DIY for PWD talk at ETech
Here’s the slides for my Etech talk in March 2009 on DIY for People with Disabilties. There were around 40-50 people in the audience and we had a lively discussion afterwards.
As an introduction to the concept of DIY assistive tech, I explained that many people with standard issue walkers put tennis balls onto the back feet of the walker. This helps the walker glide around more easily. Some walkers have wheels, yet for decades the tennis ball walker hack has persisted. How come? And what other inventions and adaptations are out there? I describe easy DIY projects achievable with materials commonly found in people’s houses or hardware stores, then slightly more complex hacks that may need several people, designs, planning, and technical skills; then bigger hacks that are to societal or global infrastructure and take organization, community, followthrough, and deep commitment.
There are a bunch of examples and links, and a very quick overview of some of the history of disability rights activism.
This was the talk description:
Wheelchairs aren’t any more complicated than bicycles, but they cost a ridiculous amount of money. They shouldn’t. Neither should other simple accessibility and mobility equipment. In the U.S., people with disabilities who need adaptive devices depend on donations, charitable agencies, insurance, and a corrupt multi-billion dollar industry that profits from limiting access to information.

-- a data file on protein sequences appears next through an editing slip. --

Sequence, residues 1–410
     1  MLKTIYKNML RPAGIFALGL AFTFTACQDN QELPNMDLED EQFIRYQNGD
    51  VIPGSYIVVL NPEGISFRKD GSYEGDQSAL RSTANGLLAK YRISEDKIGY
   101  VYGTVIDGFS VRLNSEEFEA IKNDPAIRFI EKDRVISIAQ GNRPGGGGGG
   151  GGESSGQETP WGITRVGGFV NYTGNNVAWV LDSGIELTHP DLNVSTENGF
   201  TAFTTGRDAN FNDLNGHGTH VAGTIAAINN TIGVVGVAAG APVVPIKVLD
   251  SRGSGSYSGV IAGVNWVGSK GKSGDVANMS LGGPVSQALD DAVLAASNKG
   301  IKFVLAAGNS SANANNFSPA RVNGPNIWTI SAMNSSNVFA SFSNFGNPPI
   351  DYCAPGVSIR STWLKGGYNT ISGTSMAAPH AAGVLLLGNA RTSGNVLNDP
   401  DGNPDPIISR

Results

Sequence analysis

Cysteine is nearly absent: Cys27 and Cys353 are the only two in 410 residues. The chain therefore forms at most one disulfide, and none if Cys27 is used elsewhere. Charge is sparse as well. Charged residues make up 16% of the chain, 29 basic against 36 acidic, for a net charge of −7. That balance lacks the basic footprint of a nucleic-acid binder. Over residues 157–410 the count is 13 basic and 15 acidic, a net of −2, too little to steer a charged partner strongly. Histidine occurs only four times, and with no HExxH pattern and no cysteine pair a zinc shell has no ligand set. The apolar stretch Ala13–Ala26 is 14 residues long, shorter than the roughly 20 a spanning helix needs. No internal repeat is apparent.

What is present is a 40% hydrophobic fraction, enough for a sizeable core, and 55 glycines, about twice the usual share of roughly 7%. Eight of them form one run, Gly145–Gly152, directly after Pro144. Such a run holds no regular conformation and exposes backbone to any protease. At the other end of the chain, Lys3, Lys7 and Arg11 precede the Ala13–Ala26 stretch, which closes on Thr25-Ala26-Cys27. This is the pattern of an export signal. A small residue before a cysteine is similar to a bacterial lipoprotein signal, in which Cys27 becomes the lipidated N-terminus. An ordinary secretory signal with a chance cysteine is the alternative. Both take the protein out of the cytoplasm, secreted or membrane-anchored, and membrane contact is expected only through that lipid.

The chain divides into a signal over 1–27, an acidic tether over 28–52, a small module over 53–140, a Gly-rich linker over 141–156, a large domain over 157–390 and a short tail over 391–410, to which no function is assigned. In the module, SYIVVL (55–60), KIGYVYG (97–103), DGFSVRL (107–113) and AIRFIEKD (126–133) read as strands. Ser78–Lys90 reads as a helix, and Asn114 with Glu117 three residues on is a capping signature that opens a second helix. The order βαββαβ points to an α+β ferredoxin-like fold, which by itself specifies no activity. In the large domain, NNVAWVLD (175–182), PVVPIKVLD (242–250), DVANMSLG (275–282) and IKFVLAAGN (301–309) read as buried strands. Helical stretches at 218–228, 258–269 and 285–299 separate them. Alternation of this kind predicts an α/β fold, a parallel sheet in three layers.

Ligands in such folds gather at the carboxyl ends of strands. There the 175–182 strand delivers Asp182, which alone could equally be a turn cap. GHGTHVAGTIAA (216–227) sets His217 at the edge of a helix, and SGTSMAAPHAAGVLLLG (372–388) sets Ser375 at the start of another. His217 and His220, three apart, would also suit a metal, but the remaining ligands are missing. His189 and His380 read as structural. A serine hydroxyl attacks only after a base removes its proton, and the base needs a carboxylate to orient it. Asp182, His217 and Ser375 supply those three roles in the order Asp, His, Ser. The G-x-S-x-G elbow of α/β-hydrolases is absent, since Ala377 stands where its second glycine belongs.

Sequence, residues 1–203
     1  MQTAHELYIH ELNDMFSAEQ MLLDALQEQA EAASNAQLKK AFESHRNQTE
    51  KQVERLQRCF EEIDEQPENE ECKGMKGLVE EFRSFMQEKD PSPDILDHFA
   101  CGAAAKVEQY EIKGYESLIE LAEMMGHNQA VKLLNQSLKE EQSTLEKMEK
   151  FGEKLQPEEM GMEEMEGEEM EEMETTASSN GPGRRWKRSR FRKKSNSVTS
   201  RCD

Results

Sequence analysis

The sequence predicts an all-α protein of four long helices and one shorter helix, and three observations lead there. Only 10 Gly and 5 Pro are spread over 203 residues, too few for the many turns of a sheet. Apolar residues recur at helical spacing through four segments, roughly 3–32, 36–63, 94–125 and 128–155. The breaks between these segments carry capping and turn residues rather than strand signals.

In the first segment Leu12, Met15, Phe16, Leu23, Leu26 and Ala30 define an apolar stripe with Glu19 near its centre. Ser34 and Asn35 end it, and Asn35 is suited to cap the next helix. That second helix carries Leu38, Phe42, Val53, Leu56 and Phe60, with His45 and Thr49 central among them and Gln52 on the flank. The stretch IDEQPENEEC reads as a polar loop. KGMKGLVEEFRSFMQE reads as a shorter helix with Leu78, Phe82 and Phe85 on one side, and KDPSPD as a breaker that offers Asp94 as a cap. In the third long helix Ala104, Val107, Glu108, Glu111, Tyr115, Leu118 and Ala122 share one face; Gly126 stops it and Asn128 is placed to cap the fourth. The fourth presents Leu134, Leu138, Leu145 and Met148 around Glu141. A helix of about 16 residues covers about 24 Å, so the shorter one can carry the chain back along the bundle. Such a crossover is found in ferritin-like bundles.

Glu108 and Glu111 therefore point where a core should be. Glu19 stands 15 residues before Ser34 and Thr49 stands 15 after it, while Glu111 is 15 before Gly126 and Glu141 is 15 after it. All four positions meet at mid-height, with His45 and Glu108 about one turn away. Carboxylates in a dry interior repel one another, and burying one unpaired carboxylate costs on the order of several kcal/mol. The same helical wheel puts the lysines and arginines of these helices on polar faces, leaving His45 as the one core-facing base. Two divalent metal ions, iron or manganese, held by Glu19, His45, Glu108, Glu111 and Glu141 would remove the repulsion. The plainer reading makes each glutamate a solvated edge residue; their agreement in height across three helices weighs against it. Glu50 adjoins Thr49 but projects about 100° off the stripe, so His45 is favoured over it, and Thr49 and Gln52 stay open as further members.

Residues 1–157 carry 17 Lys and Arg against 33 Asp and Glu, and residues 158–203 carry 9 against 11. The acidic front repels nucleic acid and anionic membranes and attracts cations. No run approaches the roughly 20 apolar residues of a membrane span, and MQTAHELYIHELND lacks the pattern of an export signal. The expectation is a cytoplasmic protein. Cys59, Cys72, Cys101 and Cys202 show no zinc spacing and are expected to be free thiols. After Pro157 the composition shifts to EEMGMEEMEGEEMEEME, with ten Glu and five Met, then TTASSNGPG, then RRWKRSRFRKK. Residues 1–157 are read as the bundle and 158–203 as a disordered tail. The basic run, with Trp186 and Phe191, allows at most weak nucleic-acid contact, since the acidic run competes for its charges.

With a cultural shift to a hardware DIY movement and the spread of open source hardware designs, millions of people could have global access to equipment design, so that people with disabilities, their families, and their allies can build equipment themselves, and have the information they need to maintain and repair their own stuff.
Since we can’t all do it ourselves or weld our own chairs, we also should encourage a different mindset for the industry. You can’t stand up all day at your desk, but you don’t need a doctor to prescribe you a $6000 office chair. A consumer model rather than a medical and charity model for mobility aids would treat wheelchairs simply as things that we use to help us get around, like cars, bikes, or strollers.
Small assistive devices such as reacher/grabbers, page turners and book holders, grip extenders, can be made with bits of rubber tubing, PVC pipe, and tools as simple as box cutters and duct tape. Rather than obsess over impossible levels of healthiness and longevity, we need to change people’s expectations of how they will deal with changing physical limitations. Popularizing simple designs, and a DIY attitude for mobility and accessibility gear, will encourage a culture of invention that will be especially helpful to people as they age.
You can download the DIY for PWD slides in PDF format directly, if you’d prefer.